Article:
The end of the illicit drug trade has to be on terms that everyone can accept. There are two sides actually doing the fighting with whom real wars ensue, police enforcement and criminal distribution. Enforcement doesn’t want their kids hooked on drugs and they don’t think that people should profit from selling them since they can be destructive. Distribution doesn’t want to be criminalized for using them; they believe that people should be allowed to do what they will with their own body as long as they don’t hurt anyone. It’s hard to tell who’s winning considering the facts that there are a very high number of prisoners of war now serving time on drug charges and that drugs are easily available for purchase in those same prisons.

The only way to dismantle distribution chains which are a part of capitalism but not the taxable economy is to provide a better product at a more convenient location for a reasonable price. This can easily be accomplished by setting up a government manufacturing monopoly for the illicit drug trade. Through proper regulation we can change the economy of the war on drugs. The monetary cost of drugs is the biggest burden to society manifested as a result of the American war on drugs. The emergence of competitive drug trading cartels is evidence but this is even truer on the level of the drug user who is exploited, drained of resources, and then their addiction is often viewed as criminal pushing addicts (through social stigma) into illegal activity as a means of economic support. The situation is so dire that drug use has a sentiment of rebellion in all youth culture. There is no greater recipe for addiction than drug use mixed with the sentiment of anger and injustice.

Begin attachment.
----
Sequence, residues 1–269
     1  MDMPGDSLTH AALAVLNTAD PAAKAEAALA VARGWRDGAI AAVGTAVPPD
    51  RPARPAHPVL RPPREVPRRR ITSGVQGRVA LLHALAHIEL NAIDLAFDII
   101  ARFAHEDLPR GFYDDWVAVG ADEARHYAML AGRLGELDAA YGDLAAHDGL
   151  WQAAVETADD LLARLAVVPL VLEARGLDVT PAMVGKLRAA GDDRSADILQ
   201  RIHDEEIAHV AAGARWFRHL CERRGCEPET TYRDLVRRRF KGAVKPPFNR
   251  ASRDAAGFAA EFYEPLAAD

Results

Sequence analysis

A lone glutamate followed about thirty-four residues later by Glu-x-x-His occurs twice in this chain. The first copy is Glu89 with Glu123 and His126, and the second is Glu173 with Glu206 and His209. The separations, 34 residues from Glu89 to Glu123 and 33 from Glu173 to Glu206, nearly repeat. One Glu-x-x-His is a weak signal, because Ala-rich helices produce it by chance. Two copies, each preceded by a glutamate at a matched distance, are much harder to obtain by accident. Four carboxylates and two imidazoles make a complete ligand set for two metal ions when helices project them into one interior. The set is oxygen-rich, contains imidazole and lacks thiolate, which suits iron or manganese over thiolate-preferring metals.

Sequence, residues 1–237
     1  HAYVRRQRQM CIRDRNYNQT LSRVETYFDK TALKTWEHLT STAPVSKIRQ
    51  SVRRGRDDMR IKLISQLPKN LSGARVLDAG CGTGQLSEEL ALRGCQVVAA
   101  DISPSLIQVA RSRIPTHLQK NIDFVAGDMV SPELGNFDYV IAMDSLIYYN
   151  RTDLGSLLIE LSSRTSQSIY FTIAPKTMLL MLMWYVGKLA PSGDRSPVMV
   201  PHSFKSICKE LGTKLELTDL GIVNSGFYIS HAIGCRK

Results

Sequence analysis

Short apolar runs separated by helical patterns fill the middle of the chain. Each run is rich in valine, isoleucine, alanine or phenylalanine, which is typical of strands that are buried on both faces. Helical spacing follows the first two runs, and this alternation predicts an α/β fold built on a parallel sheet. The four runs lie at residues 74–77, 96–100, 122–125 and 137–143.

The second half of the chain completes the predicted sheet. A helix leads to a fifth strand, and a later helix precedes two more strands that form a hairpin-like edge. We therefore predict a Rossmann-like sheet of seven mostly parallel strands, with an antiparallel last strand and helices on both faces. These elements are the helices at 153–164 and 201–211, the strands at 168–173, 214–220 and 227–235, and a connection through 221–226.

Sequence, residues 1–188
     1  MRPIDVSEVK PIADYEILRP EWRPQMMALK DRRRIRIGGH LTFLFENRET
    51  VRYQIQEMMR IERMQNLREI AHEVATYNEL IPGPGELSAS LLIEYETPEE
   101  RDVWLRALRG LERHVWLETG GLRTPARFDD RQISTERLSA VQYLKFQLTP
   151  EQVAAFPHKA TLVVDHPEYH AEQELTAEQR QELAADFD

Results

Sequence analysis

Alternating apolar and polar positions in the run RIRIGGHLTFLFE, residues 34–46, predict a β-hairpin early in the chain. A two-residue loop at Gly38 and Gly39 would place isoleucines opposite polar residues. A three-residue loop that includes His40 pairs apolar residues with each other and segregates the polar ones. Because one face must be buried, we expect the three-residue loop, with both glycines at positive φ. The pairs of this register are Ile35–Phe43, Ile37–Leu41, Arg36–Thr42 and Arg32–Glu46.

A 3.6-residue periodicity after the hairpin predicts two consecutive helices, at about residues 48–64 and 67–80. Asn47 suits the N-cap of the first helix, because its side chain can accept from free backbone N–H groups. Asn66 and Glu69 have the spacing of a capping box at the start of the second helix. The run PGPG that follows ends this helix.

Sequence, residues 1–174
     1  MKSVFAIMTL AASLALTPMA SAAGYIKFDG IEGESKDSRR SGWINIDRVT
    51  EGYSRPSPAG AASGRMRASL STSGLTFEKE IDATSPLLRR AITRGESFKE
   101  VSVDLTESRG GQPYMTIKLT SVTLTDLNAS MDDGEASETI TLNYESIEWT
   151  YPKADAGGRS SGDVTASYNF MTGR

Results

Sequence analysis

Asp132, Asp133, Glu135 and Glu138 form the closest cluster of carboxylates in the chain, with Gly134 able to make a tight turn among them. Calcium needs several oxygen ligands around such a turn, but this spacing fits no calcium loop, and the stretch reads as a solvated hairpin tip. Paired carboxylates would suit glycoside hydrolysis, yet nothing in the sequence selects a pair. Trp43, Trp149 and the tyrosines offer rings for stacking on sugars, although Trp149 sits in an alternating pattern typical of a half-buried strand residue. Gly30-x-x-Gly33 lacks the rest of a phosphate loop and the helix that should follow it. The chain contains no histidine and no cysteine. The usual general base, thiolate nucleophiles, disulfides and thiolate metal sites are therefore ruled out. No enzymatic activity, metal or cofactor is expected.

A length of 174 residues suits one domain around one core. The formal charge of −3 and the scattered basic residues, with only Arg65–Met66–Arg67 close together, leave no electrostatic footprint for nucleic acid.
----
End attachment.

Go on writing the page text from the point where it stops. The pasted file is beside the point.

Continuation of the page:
As new drugs are invented by individuals, organizations, or discovered and adopted by populations then government must make those products available as well; regulating the enforcement of future recreational drugs through capitalist endeavor, grant subsidy, and contract responsibility. This solves the issue of profiting off of the drug war as all the money goes to improving the market for drugs by educating consumers, making a more intelligent product, and providing a safer way to acquire it. This is an example of ‘true capitalism’ which is doing what’s best for the entire market including the consumers. Addictive substances aren’t synonymous with ‘true capitalism’ since they’re dangerous to consume they should exist outside of it through government regulation. Criminality involving the use or sale of mind altering substances needs to be extinguished. There is no other way to control the economy from drugs which fuel more serious black-market activities such as human trafficking; drugs have long been the kingpin which fund criminal organizations worldwide.